The Times West Virginian

West Virginia

February 7, 2014

Schools closed due to water concerns

Because of a smell resembling that of last month’s chemical spill

CHARLESTON — For the second-straight day, multiple West Virginia schools sent students home because of a smell resembling that of a chemical spill that tainted the water of 300,000 people for days.

The licorice odor has prompted five schools to close since Wednesday in Kanawha County, the site of a Jan. 9 spill. After additional water pipe flushing and testing, all five schools will reopen Friday.

The scent is persisting weeks after officials said the nine affected counties were clear to drink or otherwise use their tap water. Federal health officials even said Thursday that pregnant women could drink it, backtracking on a previous advisory.

Watts, J.E. Robins, and Overbrook elementary schools dismissed classes early Thursday.

At Riverside High and Midland Trail Elementary schools Wednesday, students and teachers felt light-headed and had itchy eyes and noses from the smell. One teacher fainted and a student went to the hospital. The schools closed in the morning and didn’t reopen Thursday.

Follow-up tests at Riverside and Midland Trail didn’t detect the chemical in their running water. But several rounds of earlier tests also didn’t detect the chemical at the two schools.

Elsewhere, a U.S. House committee has announced who will testify Monday during a Charleston hearing on West Virginia’s chemical spill. The 9 a.m. meeting will take place at the Kanawha County Courthouse. The witness list includes the president of West Virginia American Water, state health, homeland security and environmental officials, the chairman of the U.S. Chemical Safety Board and county emergency and homeland security officials.

Freedom Industries President Gary Southern has been invited. He isn’t expected to attend, said committee spokesman Justin Harclerode.

Two West Virginia members sit on the committee: Nick Rahall, the committee’s top Democrat, and Republican Shelley Moore Capito.

A U.S. Senate committee took testimony about the chemical spill in Washington, D.C., on Tuesday.

The water company affected by the spill also will start providing $10 to residents and $20 to businesses in one-time relief on their water bills Friday. West Virginia American Water President Jeff McIntyre announced the start of the credits during a state House of Delegates meeting Thursday.

The credits account for the cost of running water to flush chemicals out of pipes, and added costs for businesses, such as restaurants, to comply with required cleaning.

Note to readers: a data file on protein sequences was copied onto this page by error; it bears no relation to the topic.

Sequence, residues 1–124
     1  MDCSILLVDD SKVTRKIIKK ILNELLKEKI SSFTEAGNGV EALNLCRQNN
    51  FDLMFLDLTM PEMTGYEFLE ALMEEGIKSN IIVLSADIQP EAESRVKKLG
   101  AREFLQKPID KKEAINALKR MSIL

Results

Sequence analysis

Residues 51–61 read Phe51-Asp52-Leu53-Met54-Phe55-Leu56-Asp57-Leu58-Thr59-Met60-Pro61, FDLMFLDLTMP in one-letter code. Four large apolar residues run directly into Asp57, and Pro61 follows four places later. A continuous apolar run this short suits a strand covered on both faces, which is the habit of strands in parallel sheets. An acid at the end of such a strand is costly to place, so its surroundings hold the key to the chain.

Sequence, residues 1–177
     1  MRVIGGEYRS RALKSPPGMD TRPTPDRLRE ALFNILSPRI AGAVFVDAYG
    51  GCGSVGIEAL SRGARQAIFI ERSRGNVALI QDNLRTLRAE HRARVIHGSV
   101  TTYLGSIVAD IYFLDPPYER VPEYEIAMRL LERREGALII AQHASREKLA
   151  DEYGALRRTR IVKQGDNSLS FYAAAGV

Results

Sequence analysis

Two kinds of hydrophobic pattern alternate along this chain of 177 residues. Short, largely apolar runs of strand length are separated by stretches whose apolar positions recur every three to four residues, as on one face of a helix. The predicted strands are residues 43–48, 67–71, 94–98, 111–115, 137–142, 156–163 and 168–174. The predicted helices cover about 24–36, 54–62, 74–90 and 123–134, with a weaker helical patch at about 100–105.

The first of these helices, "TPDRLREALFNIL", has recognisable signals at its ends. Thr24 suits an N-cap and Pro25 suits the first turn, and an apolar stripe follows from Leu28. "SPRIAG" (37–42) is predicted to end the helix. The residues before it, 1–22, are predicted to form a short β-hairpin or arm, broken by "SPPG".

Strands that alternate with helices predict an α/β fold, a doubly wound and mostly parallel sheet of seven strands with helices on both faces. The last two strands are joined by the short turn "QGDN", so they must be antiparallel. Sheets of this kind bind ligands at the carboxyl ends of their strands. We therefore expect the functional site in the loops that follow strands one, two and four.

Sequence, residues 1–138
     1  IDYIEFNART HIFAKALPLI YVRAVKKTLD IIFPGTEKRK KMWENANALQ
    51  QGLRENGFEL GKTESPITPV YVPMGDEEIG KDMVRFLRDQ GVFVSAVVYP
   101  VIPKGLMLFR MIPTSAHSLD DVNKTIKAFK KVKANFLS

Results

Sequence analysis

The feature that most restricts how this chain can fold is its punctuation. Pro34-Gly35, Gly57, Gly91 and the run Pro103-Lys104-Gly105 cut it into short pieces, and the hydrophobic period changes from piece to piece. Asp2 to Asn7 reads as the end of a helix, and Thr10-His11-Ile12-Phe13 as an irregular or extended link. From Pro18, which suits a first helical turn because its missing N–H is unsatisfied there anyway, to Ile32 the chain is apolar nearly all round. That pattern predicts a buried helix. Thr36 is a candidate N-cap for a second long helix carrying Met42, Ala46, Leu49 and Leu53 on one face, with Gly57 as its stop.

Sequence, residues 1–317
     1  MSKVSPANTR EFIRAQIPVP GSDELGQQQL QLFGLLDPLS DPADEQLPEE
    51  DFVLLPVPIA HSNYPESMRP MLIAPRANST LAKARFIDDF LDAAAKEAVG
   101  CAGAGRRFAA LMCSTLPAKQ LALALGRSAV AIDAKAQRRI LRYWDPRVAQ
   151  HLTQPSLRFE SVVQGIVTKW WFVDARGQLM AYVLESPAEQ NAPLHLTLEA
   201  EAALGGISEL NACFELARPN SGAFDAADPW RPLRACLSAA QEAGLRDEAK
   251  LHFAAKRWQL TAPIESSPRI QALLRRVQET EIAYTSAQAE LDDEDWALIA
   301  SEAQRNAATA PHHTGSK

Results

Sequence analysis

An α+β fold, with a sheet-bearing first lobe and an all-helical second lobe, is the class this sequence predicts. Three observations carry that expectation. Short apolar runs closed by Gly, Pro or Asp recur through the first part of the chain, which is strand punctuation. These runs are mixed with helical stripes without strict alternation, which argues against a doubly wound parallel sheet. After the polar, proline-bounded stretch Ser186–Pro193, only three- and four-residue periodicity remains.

Text Only
West Virginia
  • Two state tornadoes occur on same day

    West Virginia gets few tornadoes on average every year, yet two of them occurred on one recent day.
    While the sheer number of annual tornadoes pales in comparison to other states, they do occur in West Virginia, with its vast network of hills and mountains. Two of them formed 55 miles apart on Sunday night.

    July 31, 2014

  • I-77 tunnel repair complete

    Repairs to an Interstate 77 tunnel along the Virginia-West Virginia border have been completed following a truck fire.

    July 30, 2014

  • Another tornado confirmed in West Virginia

    Another tornado has been confirmed in West Virginia.

    July 30, 2014

  • Pierpont, WVU-Parkersburg enter transfer agreement

    West Virginia University at Parkersburg has signed a transfer agreement with Pierpont Community & Technical College.

    July 30, 2014

  • Repairs set for I-77 tunnel

    Some lanes of an Interstate 77 tunnel along the Virginia-West Virginia border where a truck fire occurred are being rerouted for repairs.

    July 29, 2014

  • Veterans crisis center coming to Clarksburg

    The long delays for veterans seeking medical care at VA hospitals have prompted The American Legion to plan a short-term crisis center in Clarksburg.

    July 29, 2014

  • Weekend tornado confirmed in West Virginia

    The National Weather Service has confirmed a tornado touched down in Pleasants and Ritchie counties over the weekend.

    July 29, 2014

  • Rahal: Fund VA reform ‘for our veterans’

     On the cusp of Congress’s lengthy summer break, factions sparring over legislation to strengthen health care and funding reforms for the Department of Veterans Affairs may have reached a compromise.
    Although final details are still in the works, the top two negotiators, Sen. Bernard Sanders, I-Vt., and Rep. Jeff Miller, R-Fla., released a joint statement that said they had “made significant progress toward and agreement on legislation to make VA more accountable and to help the department recruit more doctors, nurses and other health-care professionals.”

    July 29, 2014

  • Attorney general reaches $950,000 settlement with three financial groups

    West Virginia’s attorney general has reached a $950,000 settlement with three companies over allegations of antitrust law violations.

    July 28, 2014

  • Woman convicted in teen’s slaying moved

    A Monongalia County teenager has been transferred to a state prison to complete her sentence for the slaying of another teenager.
    The Lakin Correctional Center near Point Pleasant said Friday Rachel Shoaf has been booked at the Division of Corrections prison. Shoaf turned 18 last month and had been held in a juvenile facility.

    July 26, 2014

House Ads
Featured Ads